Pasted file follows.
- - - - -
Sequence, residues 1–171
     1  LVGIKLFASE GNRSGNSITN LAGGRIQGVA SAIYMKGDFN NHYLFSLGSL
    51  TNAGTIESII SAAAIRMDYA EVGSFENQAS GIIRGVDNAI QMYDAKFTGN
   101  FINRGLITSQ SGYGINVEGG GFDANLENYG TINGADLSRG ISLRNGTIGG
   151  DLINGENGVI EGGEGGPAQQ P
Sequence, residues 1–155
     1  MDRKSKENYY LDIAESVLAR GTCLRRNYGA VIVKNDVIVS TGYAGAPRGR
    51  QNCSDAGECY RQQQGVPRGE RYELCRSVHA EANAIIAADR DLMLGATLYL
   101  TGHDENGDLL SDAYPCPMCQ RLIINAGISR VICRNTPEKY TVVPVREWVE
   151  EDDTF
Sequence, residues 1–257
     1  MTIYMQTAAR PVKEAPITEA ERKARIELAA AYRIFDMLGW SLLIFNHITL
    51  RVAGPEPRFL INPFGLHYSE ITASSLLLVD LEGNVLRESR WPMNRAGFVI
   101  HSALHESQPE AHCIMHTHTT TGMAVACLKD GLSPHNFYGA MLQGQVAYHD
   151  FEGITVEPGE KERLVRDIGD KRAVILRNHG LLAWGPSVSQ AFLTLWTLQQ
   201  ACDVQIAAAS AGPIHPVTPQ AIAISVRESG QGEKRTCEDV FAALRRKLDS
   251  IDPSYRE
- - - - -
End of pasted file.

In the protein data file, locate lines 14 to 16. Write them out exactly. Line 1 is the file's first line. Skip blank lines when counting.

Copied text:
   101  HSALHESQPE AHCIMHTHTT TGMAVACLKD GLSPHNFYGA MLQGQVAYHD
   151  FEGITVEPGE KERLVRDIGD KRAVILRNHG LLAWGPSVSQ AFLTLWTLQQ
   201  ACDVQIAAAS AGPIHPVTPQ AIAISVRESG QGEKRTCEDV FAALRRKLDS